By Philip Pullella
VATICAN CITY (Reuters) - The Vatican on Wednesday told an ultra-traditionalist splinter group they will have to accept some non-negotiable doctrinal principles before they can fully rejoin the Roman Catholic Church.
Leaders of the dissident Society of Saint Pius X (SSPX) held several hours of meetings with the Vatican's top doctrinal officials to discuss how to finalize several years of negotiations aimed at eventual reconciliation.
A statement said the Vatican told the head of the traditionalists, Swiss-born Bishop Bernard Fellay, that the SSPX must accept the principles outlined in a "doctrinal preamble," before moving on to a "hoped for reconciliation."
The Vatican did not release the text of the preamble handed to Fellay. But it said it included certain doctrinal principles and guidelines for interpreting Church teaching so that the SSPX was not fundamentally out of step with the Vatican.
The SSPX defied the Vatican in 1988 by consecrating four of its own bishops, triggering their excommunication. In a gesture of reconciliation, Pope Benedict has lifted those bans and promoted the use of the traditional Latin Mass the SSPX favours.
But he has until now refused to grant the SSPX bishops the right to reject other teachings of the Second Vatican Council (1962-1965), such as its historic reconciliation with Judaism and other faiths, or assume official positions in the Church.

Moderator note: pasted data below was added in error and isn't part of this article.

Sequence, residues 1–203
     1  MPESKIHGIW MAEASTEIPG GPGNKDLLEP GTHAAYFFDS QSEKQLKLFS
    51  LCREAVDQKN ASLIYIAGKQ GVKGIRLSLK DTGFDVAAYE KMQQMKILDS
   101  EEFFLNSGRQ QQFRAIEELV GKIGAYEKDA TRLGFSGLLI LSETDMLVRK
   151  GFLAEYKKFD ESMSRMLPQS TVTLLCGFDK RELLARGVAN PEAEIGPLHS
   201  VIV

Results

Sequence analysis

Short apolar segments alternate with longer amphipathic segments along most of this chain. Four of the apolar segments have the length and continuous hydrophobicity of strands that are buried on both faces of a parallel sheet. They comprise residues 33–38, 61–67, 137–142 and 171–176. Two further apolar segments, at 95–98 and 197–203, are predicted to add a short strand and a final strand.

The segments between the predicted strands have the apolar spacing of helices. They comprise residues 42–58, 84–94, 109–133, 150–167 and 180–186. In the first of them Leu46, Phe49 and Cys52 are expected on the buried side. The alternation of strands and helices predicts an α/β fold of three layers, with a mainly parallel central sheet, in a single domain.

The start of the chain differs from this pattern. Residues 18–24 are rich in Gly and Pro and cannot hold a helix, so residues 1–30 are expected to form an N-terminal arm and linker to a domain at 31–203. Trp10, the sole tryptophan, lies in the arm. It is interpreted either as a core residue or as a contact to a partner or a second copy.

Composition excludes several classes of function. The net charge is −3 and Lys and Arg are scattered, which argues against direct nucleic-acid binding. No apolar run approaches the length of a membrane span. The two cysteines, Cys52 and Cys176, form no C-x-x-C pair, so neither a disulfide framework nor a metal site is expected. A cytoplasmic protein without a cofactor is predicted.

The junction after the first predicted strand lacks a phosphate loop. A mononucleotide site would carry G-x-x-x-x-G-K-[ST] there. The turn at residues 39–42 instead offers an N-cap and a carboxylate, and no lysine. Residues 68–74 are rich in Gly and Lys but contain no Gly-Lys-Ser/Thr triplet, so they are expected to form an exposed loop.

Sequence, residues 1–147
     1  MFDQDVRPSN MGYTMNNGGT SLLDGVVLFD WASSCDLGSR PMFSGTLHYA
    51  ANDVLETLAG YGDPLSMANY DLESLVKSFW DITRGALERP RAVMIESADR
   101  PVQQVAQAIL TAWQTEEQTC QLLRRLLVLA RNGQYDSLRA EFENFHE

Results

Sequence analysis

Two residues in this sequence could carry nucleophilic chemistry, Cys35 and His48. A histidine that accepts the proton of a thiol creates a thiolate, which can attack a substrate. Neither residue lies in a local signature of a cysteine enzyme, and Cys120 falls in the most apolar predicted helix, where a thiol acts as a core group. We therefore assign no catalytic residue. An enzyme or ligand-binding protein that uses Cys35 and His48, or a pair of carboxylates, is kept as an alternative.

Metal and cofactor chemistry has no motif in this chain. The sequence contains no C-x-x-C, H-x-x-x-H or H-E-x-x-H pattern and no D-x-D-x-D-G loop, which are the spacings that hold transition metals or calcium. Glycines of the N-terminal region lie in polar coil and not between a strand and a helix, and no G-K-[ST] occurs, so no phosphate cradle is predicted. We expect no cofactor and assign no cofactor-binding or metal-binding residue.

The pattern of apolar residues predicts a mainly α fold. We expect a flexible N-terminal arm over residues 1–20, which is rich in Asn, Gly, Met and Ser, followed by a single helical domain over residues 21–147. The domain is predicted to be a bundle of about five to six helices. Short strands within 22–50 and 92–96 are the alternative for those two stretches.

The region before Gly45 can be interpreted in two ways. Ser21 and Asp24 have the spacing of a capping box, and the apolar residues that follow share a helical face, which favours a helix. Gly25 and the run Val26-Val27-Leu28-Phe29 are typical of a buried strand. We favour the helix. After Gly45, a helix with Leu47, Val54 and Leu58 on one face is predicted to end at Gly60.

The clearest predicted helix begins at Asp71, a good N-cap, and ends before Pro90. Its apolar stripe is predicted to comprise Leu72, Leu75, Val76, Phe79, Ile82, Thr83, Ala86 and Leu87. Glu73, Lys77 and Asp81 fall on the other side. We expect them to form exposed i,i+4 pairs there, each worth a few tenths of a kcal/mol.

ANSWER DUE IN FEW MONTHS
Despite their dissent, Benedict values the SSPX's commitment to Church traditions and does not want their splinter group to develop into a permanent schism claiming to be Catholic but outside the Vatican fold. As such Benedict has shown a keen interest in fully resolving the matter.
Vatican spokesman Rev Federico Lombardi said there was no deadline for the traditionalists to accept the doctrinal principles. But he added that the Vatican expected a response "in a matter of months."
"They now have to reflect on this offer. That was the aim of this meeting," Lombardi said.
If the SSPX agrees to any accord, it would probably be offered a special legal status within the Church, similar to a the international prelature enjoyed by the conservative Roman Catholic group Opus Dei.
Refusal to accept the Vatican's offer would leave the SSPX leaders as validly ordained bishops but without any official mission or position in the Church.
Another question to be resolved will be the status of British-born Bishop Richard Williamson, who caused an uproar by denying the Holocaust just before Benedict lifted the excommunication bans on him and the other SSPX bishops.
SSPX leaders have recently signaled they have refused to make any concessions in the talks with the Vatican.
"If their aim is still to have the SSPX accept the Council, the discussions showed clearly enough that we have no intention of going down that path," Fellay said last month.
On Monday, the head of the SSPX in France issued a scathing denunciation of Pope Benedict's plan to host heads of the world's religions next month in the Italian city of Assisi.
Rev Regis de Cacqueray said that joining in prayer with leaders of what he called false religions would be a "dreadful blasphemy against God" and "an invitation to sin."
(Additional reporting by Tom Heneghan in Paris; Editing by Matthew Jones)